Here’s the backdrop. Late one Saturday night, two men left a bar in Fullerton just before last call. As they walked through the parking lot, they encountered another group of five men, and one of those men snatched a $3,200 gold chain from the victim’s neck. Three of the five men were soon arrested and charged with robbery, and the victim readily identified the culprit who snatched his chain, but it wasn’t clear how culpable the other two were, if at all. Upon arrest, one of the two had earnestly protested his innocence to a detective, and the exchange was captured by the detective’s personal recording device as follows:

  • Defendant:  “You guys know we didn’t do anything, man.”
  • Detective:    “No, we don’t know. You know why we don’t know? ‘Cause none of us were there.”
  • Defendant:  “Check the cameras, dude! There’s gotta be cameras around here, man.”
  • Detective:    “I’m telling you right now. If I had video cameras of what took place, that’s part of my job. My job is not to arrest people that aren’t guilty of something.”

The defendant then continued protesting that he hadn’t done anything.

At an early hearing in the case, defense counsel requested an order that any surveillance video be preserved. The prosecutor responded that “in regards to the videos, we had already requested those be held … and the People are already in the process of obtaining the videos. I think that’s the appropriate way to go about getting the evidence. At this point in time, there’s no possibility that they are going to be destroyed. We’re within 30 days.”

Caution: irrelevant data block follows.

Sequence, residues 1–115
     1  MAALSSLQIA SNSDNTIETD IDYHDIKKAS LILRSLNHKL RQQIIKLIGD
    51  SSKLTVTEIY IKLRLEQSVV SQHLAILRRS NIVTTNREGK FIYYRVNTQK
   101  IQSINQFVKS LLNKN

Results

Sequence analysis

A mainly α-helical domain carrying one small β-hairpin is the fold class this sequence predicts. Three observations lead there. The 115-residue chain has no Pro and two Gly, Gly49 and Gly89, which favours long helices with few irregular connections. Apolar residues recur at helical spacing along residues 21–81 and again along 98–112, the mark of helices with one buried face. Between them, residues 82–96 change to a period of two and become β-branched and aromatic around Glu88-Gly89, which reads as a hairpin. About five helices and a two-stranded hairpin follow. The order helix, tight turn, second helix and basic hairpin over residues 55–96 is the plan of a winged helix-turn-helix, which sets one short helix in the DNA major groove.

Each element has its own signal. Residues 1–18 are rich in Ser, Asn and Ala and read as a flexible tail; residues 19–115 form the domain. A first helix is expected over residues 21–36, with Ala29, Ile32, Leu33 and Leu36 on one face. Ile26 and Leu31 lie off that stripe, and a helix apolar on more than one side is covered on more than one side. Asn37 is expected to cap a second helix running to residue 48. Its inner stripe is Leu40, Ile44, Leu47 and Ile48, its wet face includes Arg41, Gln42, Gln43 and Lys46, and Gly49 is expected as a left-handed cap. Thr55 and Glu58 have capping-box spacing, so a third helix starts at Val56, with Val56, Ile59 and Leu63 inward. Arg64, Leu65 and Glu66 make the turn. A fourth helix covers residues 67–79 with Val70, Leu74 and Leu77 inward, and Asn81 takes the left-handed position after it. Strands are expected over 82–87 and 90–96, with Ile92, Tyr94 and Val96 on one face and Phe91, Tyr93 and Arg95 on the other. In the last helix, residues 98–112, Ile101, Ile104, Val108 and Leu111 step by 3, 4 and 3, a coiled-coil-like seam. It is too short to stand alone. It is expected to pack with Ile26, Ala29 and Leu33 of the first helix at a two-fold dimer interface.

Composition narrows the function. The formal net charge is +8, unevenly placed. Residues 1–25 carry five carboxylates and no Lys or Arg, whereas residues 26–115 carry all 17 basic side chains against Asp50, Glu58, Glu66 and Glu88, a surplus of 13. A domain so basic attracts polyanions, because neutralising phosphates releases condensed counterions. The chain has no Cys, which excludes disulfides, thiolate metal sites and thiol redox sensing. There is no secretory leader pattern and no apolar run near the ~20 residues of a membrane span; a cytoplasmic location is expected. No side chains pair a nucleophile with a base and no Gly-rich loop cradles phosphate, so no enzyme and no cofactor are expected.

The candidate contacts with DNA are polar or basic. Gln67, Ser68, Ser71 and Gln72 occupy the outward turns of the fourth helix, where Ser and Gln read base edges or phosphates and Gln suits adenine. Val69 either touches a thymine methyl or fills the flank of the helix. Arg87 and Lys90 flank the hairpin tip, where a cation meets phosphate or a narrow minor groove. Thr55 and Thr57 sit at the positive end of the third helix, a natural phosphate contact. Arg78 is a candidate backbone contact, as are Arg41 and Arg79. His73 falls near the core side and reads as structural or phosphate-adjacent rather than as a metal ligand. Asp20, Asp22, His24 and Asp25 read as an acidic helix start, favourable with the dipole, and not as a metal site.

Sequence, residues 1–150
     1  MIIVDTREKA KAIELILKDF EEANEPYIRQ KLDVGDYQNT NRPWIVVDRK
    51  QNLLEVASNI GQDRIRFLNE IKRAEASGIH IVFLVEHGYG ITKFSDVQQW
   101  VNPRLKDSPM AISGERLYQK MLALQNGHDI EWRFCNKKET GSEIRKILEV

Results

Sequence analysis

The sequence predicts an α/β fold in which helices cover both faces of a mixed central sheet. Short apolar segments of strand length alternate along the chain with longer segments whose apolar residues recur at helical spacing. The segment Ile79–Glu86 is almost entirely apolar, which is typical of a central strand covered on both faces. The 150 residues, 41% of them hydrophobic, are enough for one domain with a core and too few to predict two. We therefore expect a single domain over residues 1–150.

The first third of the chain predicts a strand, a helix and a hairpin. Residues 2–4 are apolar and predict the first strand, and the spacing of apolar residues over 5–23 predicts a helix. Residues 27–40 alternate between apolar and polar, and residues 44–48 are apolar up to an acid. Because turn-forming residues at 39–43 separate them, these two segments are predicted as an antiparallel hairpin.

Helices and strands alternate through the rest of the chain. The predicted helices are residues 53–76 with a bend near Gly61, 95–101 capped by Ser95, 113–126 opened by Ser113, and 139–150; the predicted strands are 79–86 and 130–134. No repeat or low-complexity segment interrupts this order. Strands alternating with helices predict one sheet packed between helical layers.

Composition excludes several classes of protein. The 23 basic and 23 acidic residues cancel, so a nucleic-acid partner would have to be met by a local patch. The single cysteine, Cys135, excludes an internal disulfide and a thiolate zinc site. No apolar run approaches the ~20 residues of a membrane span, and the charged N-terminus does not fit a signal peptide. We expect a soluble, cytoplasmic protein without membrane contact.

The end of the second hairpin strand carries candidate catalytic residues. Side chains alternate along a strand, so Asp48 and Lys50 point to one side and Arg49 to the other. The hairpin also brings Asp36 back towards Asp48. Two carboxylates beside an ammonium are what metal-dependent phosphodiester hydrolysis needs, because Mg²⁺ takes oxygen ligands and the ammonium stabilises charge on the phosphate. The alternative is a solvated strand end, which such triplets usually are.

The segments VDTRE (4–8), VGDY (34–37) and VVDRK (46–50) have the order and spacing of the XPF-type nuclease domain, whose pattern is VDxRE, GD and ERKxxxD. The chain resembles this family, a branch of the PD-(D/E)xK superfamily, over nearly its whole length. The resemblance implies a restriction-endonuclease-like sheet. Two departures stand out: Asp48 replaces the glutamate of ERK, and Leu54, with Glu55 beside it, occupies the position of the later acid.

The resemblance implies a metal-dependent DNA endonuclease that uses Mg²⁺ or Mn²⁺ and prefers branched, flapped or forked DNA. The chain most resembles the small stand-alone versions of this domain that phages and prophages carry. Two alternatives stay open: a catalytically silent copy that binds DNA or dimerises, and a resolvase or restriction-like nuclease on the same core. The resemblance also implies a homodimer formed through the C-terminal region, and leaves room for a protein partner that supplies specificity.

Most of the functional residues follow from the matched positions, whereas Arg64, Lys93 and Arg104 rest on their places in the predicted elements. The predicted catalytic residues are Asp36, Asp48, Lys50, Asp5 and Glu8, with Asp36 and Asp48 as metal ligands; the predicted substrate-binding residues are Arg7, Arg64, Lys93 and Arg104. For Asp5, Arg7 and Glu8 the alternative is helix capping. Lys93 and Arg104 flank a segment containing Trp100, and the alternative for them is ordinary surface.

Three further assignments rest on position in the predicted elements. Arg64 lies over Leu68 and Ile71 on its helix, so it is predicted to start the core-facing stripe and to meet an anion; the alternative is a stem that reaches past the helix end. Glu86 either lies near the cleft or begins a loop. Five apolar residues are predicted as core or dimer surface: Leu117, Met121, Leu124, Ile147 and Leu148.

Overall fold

Oh, but there was a possibility of the videos being destroyed, and before long, they were.

The defendants then moved to dismiss the case, and at the hearing on their motion, the police department’s watch commander acknowledged that the department had two cameras focused on the parking lot where the robbery occurred, and they generally retained their footage for two or two-and-a-half weeks.

Another department witness, who maintained and controlled these cameras, testified that he received no request for footage from any of the arresting or investigating officers in the case, even though they typically knew the footage was available only for a short time. He did receive such a request from defense counsel, but by then the footage had been overwritten—just days beforehand.

On these facts, the trial court granted the defendants’ motion and dismissed the case, and its ruling was mostly affirmed on appeal.

In its opinion, the court of appeal agreed that the evidence was potentially useful to the defense, and it held that the prosecution acted in bad faith by failing to preserve it when they knew it was potentially useful. That wasn’t just negligence, according to the court; that was bad faith on the government’s part, and it required that the charges be dismissed:

“The importance of holding the police and prosecutors to their obligations under BradyTrombetta, and Youngblood cannot be overstated. Police and prosecutors are more than willing to avail themselves of technology when it is to their advantage; there must be a level playing field that gives defendants equal access to the same evidence.”